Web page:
Frances Kuffel

PASSING FOR THIN, EATING ICE CREAM WITH MY DOG and LOVE SICK

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Shit Happens

January 26, 2010

Tags: blogs, sprained ankle, Twitter, Marie Claire, Holly Cole, eating, Passing for Thin, publishing

The third flat-out, crawl-to-a-fence-to-hoist-myself-off-the-pavement fall occurred on January 16. This time I heard a snap. My left ankle immediately doubled in size. I could move my foot so I assumed I'd sprained it but by the time I got Daisy home I knew I was in trouble.

I have a World Class Sprain. It sounds so so-what but my podiatrist explained why a very bad sprain is worse than a fracture or some breaks: sprains involve ligaments, either tearing them or stretching them. Whereas bones have a great blood supply, ligaments do not. Therefore they are much slower to heal. I'll be in a cast for another three weeks but I get to take it off for therapeutic minutes and I can start to walk again.

I told my publicist that if Oprah calls, of course I can go. I just won't get to wear [both of] my beautiful new shoes.

Luckily, I've only had a couple of radio gigs in the last ten days. I did them in bed with my Frankenstein foot elevated. Unluckily, I've only had a couple of radio gigs.

I wasn't with it enough last week to do more than piddle around with Twitter. Today I read some blog posts that mention me and AFG, one based on the book, one on the Marie Claire abortion. I answered each, clarifying a little on the issues the writers were concerned with.

It's interesting to see what triggers people. One blogger (http://fashionablyfit.wordpress.com/2010/01/13/weighing-in/) wrote, "I would never follow a diet that cut out all of the foods that made me fat — the pizza, the jalapeno poppers, the french fries, the ice cream – because I know it would be destined to fail."

People are enormously afraid of what they might have to give up. This involves not only specific foods, but the fear of parties, holidays, rituals that revolve around food. But I speak mostly for myself or in the collective when I've made it clear that the collective is of a certain kind of make-up.

Merry Perennial (http://merryperennial.blogspot.com/2010/01/perseverating-no-i-dont-mean.html) writes that, "I fear the reason is something mentioned in Frances Kuffel's book: we eat because that is all we have."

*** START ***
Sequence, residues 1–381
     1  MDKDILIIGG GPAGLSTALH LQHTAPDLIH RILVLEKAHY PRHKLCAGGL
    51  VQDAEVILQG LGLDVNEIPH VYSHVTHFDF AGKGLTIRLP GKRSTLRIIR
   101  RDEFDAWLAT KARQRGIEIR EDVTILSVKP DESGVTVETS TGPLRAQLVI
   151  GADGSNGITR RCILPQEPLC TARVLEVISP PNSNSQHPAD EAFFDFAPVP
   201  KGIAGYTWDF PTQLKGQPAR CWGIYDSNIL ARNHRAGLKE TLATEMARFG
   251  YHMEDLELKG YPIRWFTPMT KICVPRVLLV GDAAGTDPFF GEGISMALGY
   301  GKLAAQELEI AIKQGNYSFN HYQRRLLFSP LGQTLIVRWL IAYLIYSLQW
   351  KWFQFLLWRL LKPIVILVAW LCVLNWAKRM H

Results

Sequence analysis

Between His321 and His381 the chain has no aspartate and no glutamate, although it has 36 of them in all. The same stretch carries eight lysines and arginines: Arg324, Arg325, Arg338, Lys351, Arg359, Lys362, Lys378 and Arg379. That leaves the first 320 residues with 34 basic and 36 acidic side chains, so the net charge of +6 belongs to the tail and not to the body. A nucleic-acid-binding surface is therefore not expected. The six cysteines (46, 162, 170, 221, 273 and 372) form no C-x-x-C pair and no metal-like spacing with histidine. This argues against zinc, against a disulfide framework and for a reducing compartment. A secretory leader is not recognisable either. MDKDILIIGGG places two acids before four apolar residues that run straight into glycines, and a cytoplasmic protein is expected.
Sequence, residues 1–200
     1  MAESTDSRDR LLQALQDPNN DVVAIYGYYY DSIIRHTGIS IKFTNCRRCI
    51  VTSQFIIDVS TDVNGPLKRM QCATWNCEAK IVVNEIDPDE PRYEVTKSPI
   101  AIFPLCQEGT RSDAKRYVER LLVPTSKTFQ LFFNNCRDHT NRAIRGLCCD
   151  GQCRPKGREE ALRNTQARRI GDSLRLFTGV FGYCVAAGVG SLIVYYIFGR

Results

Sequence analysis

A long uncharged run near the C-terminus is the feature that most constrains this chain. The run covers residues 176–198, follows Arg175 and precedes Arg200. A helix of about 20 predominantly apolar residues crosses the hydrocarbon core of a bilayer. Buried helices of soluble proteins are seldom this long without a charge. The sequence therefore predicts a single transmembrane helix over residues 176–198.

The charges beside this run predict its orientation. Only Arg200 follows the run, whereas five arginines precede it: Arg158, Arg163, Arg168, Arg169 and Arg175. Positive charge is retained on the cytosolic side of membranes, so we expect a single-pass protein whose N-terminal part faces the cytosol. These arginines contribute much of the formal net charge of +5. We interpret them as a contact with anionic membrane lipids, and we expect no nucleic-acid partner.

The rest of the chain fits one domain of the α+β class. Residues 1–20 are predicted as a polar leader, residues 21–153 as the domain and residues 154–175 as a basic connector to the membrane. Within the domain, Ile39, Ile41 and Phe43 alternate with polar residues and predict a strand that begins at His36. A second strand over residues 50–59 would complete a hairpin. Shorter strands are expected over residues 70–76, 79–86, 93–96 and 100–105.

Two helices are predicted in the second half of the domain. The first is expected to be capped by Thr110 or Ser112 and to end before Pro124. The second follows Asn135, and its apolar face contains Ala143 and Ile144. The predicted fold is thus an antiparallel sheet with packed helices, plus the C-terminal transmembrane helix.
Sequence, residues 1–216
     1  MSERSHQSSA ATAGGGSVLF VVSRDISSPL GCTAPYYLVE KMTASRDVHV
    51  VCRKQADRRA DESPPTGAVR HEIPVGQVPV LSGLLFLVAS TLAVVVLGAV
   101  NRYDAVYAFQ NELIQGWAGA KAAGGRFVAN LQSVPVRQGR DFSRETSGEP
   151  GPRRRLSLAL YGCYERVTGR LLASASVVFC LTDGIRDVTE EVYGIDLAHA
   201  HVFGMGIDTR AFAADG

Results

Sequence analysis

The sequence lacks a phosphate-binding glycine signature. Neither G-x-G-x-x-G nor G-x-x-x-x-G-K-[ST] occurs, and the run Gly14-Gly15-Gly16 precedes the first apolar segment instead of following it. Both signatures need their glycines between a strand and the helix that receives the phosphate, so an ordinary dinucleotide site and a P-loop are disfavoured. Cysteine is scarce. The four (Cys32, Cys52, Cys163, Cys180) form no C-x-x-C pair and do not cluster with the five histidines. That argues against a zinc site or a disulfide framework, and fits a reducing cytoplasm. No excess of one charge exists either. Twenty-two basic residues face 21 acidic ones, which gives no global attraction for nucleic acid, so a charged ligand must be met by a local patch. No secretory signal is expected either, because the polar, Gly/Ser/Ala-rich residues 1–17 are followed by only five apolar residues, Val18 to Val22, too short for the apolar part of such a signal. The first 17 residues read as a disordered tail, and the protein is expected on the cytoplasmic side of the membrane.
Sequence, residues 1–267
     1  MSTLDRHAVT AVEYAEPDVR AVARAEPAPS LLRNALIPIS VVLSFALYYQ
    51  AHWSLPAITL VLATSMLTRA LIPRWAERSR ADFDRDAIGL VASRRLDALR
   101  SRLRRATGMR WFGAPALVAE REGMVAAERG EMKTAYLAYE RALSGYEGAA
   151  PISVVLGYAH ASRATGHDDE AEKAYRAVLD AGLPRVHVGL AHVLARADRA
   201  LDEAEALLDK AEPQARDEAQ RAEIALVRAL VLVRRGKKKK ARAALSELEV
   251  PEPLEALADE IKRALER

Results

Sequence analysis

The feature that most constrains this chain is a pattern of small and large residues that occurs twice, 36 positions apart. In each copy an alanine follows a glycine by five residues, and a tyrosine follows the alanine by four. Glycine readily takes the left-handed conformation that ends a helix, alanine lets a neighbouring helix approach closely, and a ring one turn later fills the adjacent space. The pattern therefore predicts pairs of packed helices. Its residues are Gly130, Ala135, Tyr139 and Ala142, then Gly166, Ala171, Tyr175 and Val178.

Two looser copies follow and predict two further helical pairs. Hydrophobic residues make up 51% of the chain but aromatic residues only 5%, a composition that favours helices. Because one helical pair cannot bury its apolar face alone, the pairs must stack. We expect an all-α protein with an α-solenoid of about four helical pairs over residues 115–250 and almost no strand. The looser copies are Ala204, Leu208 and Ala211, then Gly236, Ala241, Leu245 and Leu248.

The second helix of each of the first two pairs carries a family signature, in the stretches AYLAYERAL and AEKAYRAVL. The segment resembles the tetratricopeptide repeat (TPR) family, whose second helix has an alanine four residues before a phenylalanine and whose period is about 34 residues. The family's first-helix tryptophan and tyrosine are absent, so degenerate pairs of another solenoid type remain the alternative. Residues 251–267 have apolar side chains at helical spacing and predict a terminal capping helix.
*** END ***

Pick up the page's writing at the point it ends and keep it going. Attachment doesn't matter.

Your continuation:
I LOVE the Holly Cole song, "I Am the Onion Girl". We have layers and layers of family, friends, work, hobbies, interests, chores and occasions. But -- again, for some of us -- when all those layers come off because we find them flawed or unusable, the core can be eating.

When I published PASSING FOR THIN seven years ago, I wasn't sure what a blog was. It wasn't a book mention I depended on.

Publishing had changed. Every blog helps; every misreading or laud helps. But I have to be active about participating...which is, luckily, a hell of a lot easier than opening up the Word document for the essay I'm writing...

Comments

  1. January 29, 2010 8:13 AM EST
    I hope Oprah calls
    - Winkie Walker
  2. January 30, 2010 10:44 AM EST
    Hi Frances,
    First let me tell you I practically devoured your first book when it came out. You wrote my story (and that of every other food addict.)

    I, too, have the dubious blessing of having food sensitivities. And like you, coming to acceptance to the fact that I am a food addict and can never safely eat sugar, flour, or wheat, has been a journey and a half.

    I am fascinated by the anger to your food plan by other bloggers. Personally, I have had to learn that other people can have whatever kind of reaction they have to what I do (weigh and measure, no sugar/flour/wheat...you know the drill) and it has nothing to do with me. They do not live in my body, nor have the experience of what happens to me when I ingest sugar, etc. Every time I've relapsed (and there have been lots of those times), it has been because I've tried to fit into someone else's definition of who I am.

    Several years ago, I had the clarity of mind (probably because I wasn't eating addictively!) that the underlying emotional reason I turned to food was as a distraction to the real issues in my life - boredom, anger, loneliness. I had no idea how to deal with those things. But I was knew very well how to live with the guilt and shame that came after a pint of ice cream or an extra large pizza.

    I can not wait to read your new book. I'm sure I will find myself again in your words.

    All my best to you,
    Sandi
    - Sandi Deli
  3. January 31, 2010 5:45 PM EST
    Hi! Been following you since Thin... you helped inspire me to write with my sister Confessions of a Carb Queen...about her weight loss journey... she's still struggling ... but that's the story isn't it? Eager to read your new book. Good luck with all!! Co-author and sister, Caroline
    - Caroline Bock
  4. January 31, 2010 7:23 PM EST
    Frances, I'm sorry to hear you've hurt your foot! I hope you mend quickly. Try to enjoy the time you're forced to slow down! I read your frist book and by accident found out you'd writtn a 2nd book. I had no idea you'd gained some of the weight back. I wish I'd been in the group of women who helped with book 2. I ordered the book today from Amazon and can't wait to read it! I hope I find some answers in your new book as to why it's so hard to lose the weight, keep it off, and get back on the weightloss wagon after I've fallen off. I'll be 60 this year. I'm weary of losing and gaining . I've lost and gained weight so many times, I've lost count. Take good care!
    - Bonnie
  5. February 11, 2010 11:18 PM EST
    Dear Francie,
    I just called out "Marie Claire" in the rough draft of my WIP. May it see the light of day in print. I have yet to figure out how to say "Piss on 'The Biggest Loser"--working on that...
    - Blythe

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